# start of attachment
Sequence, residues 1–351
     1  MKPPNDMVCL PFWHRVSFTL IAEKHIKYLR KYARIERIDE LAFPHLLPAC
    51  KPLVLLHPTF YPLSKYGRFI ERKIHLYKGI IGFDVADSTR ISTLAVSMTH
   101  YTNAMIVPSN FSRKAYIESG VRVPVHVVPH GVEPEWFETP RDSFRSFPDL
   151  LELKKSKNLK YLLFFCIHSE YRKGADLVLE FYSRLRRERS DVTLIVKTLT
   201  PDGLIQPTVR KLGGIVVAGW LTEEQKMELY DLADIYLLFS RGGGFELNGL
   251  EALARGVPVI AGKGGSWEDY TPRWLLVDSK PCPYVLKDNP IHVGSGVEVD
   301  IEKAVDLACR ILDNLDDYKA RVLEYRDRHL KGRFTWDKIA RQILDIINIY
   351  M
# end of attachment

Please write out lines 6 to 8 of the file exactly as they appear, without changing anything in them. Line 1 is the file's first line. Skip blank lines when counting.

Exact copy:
   201  PDGLIQPTVR KLGGIVVAGW LTEEQKMELY DLADIYLLFS RGGGFELNGL
   251  EALARGVPVI AGKGGSWEDY TPRWLLVDSK PCPYVLKDNP IHVGSGVEVD
   301  IEKAVDLACR ILDNLDDYKA RVLEYRDRHL KGRFTWDKIA RQILDIINIY